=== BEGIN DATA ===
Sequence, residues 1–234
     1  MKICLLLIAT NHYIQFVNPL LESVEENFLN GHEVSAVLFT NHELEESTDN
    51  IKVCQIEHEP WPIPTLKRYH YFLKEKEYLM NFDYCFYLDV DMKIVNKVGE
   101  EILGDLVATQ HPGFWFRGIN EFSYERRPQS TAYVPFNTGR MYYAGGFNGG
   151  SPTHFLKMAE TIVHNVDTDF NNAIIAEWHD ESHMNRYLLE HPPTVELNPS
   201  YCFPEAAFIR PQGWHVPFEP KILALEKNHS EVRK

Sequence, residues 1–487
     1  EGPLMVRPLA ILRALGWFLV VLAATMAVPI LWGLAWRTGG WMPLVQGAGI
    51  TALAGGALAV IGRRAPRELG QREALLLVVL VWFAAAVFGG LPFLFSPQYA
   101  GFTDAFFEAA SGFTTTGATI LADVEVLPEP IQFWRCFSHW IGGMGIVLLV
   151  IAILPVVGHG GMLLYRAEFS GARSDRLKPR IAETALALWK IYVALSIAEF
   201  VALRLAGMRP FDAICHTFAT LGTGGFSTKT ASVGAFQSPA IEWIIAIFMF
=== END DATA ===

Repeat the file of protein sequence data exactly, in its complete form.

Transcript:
Sequence, residues 1–234
     1  MKICLLLIAT NHYIQFVNPL LESVEENFLN GHEVSAVLFT NHELEESTDN
    51  IKVCQIEHEP WPIPTLKRYH YFLKEKEYLM NFDYCFYLDV DMKIVNKVGE
   101  EILGDLVATQ HPGFWFRGIN EFSYERRPQS TAYVPFNTGR MYYAGGFNGG
   151  SPTHFLKMAE TIVHNVDTDF NNAIIAEWHD ESHMNRYLLE HPPTVELNPS
   201  YCFPEAAFIR PQGWHVPFEP KILALEKNHS EVRK

Sequence, residues 1–487
     1  EGPLMVRPLA ILRALGWFLV VLAATMAVPI LWGLAWRTGG WMPLVQGAGI
    51  TALAGGALAV IGRRAPRELG QREALLLVVL VWFAAAVFGG LPFLFSPQYA
   101  GFTDAFFEAA SGFTTTGATI LADVEVLPEP IQFWRCFSHW IGGMGIVLLV
   151  IAILPVVGHG GMLLYRAEFS GARSDRLKPR IAETALALWK IYVALSIAEF
   201  VALRLAGMRP FDAICHTFAT LGTGGFSTKT ASVGAFQSPA IEWIIAIFMF